The number concentration of 0.28–0.3-µm particles was maintained within 1 × 103 cm–3 upstream of the duct. To minimize the inflow of contaminating particles, a high-efficiency particulate air (HEPA) filter was installed upstream of the test duct. The charged particles generated by the particle generator were neutralized with a 85Kr neutralizer (Model 3012 Aerosol Neutralizer; TSI). The airflow rate was set to 12 L min–1 (face velocity: 0.3 m s–1) for comparisons of the particle collection efficiency. The 0.3-µm-particle collection performance and ozone concentration were measured at different applied voltages, from –4 to –9 kV, and a fixed voltage of –5 kV was applied to the collector. The particle number concentration and ozone concentration were measured using a dust spectrometer (Portable Aerosol Spectrometer 1.109; Grimm Aerosol Technik Ainring GmbH & Co. KG, Germany) and ozone meter (Model 202 Ozone Monitor; 2B Technologies, USA), respectively. Particle sampling was conducted at a location downstream of the collector. The particle-collection efficiency was calculated using the equation:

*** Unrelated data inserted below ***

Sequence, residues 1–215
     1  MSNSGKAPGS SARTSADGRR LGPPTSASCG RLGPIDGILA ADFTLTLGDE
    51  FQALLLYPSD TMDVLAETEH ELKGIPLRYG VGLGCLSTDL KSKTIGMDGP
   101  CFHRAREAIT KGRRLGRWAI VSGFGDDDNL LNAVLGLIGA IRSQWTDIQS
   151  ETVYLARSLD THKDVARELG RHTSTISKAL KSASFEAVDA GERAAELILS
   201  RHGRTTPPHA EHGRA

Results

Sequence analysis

where

η = particle collection efficiency (%),
n0 = number concentration when the charging device is off and the collector is on (cm–3), and
n1 = number concentration when the charging device is on and the collector is on (cm–3).


RESULTS AND DISCUSSION


Fig. 4 shows the change in current according to the voltage applied over the charging device. The current was measured by connecting the discharge to the ammeter and the ground plate in series. Higher currents were measured at the same applied voltage in the order of the carbon fabric, 50-µm tungsten wire, 100-µm tungsten wire, and Al foil. The currents increased when the size of the discharge electrode decreased in the cases of the carbon fabric, 50-µm tungsten wire, and 100-µm tungsten wire, but the discharge electrode of the Al foil was smaller than the tungsten-wire electrodes used in this experiment, and this device had the highest onset voltage, of –8 kV. The thickness of the Al foil was 16 µm. However, the ductility of the Al foil electrode caused it to have a rough surface during the preparation steps.


Fig. 4. Changes in current with respect to the voltage applied to the ionizers by changing the charger materials.Fig. 4. Changes in current with respect to the voltage applied to the ionizers by changing the charger materials.